Patient Education

Ankle Instability

Ankle Instability occurs when the ligaments supporting the ankle become dysfunctional, allowing the ankle to "give" on a frequent basis. This can happen in patients who have global ligament laxity or increased flexibility, and in patients who have injured their ligaments through multiple ankle sprains.  

Many times, the ligaments are not the primary source of pain, rather the surrounding structures that are impacted by the lack of ligament support. When the ligaments do not function properly, it places more strain on your muscles and tendons to provide support to your ankle. Also, every time the ankle "gives" or "turns" there is a risk for injuring the cartilage inside the ankle.


A complete evaluation of the ankle ligaments, as well as the surrounding structures is vital when treating ankle instability, much like with acute ankle sprains. Inability to identify secondary injuries can be detrimental to your recovery time and overall outcome.

MRI can be a great too to determine the extent of the ligament injury, as well as identify secondary injuries, such as Peroneal tendon tears or Osteochondral Lesion of the talus.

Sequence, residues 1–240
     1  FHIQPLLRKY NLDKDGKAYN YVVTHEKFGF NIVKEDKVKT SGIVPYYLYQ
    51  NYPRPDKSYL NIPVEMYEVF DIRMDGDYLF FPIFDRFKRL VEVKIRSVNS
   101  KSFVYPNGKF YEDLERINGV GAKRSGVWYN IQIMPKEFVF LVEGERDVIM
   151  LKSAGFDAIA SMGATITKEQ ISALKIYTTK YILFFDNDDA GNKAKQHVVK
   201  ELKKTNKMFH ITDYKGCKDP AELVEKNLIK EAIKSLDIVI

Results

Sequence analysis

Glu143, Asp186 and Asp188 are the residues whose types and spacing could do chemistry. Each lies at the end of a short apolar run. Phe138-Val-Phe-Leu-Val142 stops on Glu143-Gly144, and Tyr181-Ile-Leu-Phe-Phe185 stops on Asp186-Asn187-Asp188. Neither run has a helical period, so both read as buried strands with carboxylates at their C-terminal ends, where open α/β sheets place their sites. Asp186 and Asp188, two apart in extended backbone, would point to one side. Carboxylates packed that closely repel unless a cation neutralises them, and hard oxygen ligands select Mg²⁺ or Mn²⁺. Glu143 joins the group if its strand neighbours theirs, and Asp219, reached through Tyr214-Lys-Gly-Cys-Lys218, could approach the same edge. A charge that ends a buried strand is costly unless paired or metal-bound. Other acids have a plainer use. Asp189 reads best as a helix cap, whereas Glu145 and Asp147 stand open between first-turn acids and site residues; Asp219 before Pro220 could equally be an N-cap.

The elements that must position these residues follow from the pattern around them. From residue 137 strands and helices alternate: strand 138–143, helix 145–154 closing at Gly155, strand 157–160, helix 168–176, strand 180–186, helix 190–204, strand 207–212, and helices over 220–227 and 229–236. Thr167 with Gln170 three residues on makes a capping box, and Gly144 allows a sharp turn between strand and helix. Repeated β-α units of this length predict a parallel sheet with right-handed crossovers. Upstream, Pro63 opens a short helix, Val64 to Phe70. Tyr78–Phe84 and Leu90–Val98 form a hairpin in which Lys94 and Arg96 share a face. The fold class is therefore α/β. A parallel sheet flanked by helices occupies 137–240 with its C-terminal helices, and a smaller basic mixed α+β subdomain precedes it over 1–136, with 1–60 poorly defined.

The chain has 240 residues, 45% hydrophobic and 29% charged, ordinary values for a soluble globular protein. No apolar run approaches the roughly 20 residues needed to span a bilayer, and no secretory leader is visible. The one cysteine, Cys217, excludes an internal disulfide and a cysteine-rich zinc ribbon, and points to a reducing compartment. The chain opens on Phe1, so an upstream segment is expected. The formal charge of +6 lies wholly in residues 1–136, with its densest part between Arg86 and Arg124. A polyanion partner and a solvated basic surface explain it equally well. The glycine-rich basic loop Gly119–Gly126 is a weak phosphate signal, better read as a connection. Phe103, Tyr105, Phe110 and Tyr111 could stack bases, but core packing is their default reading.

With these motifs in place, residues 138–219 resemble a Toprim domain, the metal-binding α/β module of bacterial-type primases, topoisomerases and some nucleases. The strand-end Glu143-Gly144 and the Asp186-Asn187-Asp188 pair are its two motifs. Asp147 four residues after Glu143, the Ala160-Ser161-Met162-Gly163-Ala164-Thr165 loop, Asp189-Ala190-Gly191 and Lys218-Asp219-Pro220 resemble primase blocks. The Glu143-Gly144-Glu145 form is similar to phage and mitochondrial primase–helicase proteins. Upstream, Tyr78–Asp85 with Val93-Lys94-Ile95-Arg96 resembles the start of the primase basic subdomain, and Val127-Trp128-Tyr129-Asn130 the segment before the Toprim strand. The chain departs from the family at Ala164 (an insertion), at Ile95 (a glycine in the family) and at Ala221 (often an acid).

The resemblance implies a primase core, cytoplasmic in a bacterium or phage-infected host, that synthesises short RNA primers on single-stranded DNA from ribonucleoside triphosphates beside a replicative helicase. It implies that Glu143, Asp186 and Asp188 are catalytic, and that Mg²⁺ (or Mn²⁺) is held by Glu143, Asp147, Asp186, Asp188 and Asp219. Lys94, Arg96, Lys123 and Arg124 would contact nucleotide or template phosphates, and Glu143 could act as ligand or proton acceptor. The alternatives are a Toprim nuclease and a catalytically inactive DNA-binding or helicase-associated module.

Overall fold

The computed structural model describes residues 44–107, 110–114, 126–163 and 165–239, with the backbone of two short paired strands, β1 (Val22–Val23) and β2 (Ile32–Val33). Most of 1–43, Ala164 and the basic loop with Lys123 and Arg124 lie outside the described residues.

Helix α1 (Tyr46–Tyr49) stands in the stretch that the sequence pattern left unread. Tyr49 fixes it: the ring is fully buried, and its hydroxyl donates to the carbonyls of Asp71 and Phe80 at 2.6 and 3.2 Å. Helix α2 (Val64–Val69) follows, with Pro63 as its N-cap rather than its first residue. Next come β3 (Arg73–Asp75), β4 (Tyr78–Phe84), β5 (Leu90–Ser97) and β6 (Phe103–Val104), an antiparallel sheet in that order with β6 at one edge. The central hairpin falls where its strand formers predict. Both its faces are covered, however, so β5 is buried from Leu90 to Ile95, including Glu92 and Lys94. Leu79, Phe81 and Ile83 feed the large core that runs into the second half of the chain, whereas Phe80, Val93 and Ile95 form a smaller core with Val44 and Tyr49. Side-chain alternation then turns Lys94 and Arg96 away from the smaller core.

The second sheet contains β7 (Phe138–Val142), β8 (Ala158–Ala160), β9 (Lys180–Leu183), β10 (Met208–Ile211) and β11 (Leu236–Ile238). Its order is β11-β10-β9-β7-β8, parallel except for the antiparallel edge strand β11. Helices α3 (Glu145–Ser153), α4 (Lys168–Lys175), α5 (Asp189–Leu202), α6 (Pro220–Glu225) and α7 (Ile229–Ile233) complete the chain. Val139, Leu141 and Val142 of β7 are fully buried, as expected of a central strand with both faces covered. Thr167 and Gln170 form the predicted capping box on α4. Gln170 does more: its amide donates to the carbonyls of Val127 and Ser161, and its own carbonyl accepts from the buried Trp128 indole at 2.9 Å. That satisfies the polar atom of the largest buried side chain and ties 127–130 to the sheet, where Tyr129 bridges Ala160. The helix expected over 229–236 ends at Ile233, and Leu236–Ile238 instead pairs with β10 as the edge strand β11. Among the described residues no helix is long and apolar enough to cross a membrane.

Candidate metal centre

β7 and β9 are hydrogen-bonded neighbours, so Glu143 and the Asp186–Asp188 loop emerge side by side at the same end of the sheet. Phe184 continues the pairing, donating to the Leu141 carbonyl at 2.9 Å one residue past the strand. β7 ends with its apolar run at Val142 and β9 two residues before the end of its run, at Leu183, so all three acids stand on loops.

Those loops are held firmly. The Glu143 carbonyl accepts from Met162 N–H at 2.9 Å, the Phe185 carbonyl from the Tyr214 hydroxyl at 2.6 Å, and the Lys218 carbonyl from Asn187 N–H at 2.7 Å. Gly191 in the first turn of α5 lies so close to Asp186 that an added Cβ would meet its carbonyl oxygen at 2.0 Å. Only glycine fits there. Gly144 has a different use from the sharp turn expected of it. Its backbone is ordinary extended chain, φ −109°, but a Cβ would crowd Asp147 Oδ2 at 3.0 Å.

In-office injection can be a great tool to evaluate the ankle, as well as provide relief. Local anesthetic, numbing medicine, is used to help identify if there is pain coming from deep inside the ankle joint. If the injection brings immediate relief, it tells us that Ankle Arthroscopy would be beneficial. If the injection offers no relief, then Arthroscopy may not be required. Generally, we will also put a small amount of steroid in the injection to decrease inflammation and pain, and relief can last for several weeks.

Ankle instability and pain in runner athlete

Secondary Injuries That May Occur With Ankle Instability:

  • Ankle Impingement/Synovitis
  • Osteochondral Lesion of Talus (OLT)
  • Peroneal Tendon Tear or Synovitis
  • Syndesmosis Injury


Physical Therapy is the first line treatment for ankle instability. The goal of therapy is to train your ligaments and surrounding muscles to properly support the ankle, Physical therapy can be successful in up to 80% of patients with ankle instability.

Ankle Braces or Ankle-Foot-Othosis (AFO) devices can be used as an external support for the ankle, and custom AFOs can be used to manage ankle instability for many years. The downside to bracing is that it only works when you use it, and it doesn't actually correct the underlying instability. AFOs can be a great option in patients who are not surgical candidates.

Surgery is indicated in patients who have global ligament laxity, failed physical therapy, or have failed prior surgery attempts to repair the ankle ligaments. Surgery usually involves repairing (tightening) the loose ligaments. Sometimes, tendon grafts or bone anchors are used to create ankle support.

Ankle Arthroscopy is utilized in a majority of surgical cases for ankle instability. Arthroscopy is the best way to identify and treat secondary injuries inside of the ankle joint, and it can often identify injuries that cannot be found by MRI or Ultrasound.

If you have Ankle Instability, Call us at 512-593-2949 or CLICK HERE to Schedule an Appointment.

Patient Education